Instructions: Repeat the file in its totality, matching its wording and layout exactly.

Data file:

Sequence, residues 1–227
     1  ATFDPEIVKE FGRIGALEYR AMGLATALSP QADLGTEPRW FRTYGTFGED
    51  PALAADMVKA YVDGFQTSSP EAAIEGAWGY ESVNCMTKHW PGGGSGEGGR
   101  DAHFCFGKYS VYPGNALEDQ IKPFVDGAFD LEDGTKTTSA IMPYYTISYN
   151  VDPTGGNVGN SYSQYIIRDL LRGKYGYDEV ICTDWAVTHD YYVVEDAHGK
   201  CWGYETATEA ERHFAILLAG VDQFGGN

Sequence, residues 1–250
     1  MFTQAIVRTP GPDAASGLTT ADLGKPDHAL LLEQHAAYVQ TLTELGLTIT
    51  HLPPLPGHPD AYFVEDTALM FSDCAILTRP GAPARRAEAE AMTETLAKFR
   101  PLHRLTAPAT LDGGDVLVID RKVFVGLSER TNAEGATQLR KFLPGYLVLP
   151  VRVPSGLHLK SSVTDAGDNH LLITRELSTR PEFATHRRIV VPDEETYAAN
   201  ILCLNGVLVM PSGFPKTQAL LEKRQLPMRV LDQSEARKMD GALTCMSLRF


Sequence, residues 1–227
     1  ATFDPEIVKE FGRIGALEYR AMGLATALSP QADLGTEPRW FRTYGTFGED
    51  PALAADMVKA YVDGFQTSSP EAAIEGAWGY ESVNCMTKHW PGGGSGEGGR
   101  DAHFCFGKYS VYPGNALEDQ IKPFVDGAFD LEDGTKTTSA IMPYYTISYN
   151  VDPTGGNVGN SYSQYIIRDL LRGKYGYDEV ICTDWAVTHD YYVVEDAHGK
   201  CWGYETATEA ERHFAILLAG VDQFGGN

Sequence, residues 1–250
     1  MFTQAIVRTP GPDAASGLTT ADLGKPDHAL LLEQHAAYVQ TLTELGLTIT
    51  HLPPLPGHPD AYFVEDTALM FSDCAILTRP GAPARRAEAE AMTETLAKFR
   101  PLHRLTAPAT LDGGDVLVID RKVFVGLSER TNAEGATQLR KFLPGYLVLP
   151  VRVPSGLHLK SSVTDAGDNH LLITRELSTR PEFATHRRIV VPDEETYAAN
   201  ILCLNGVLVM PSGFPKTQAL LEKRQLPMRV LDQSEARKMD GALTCMSLRF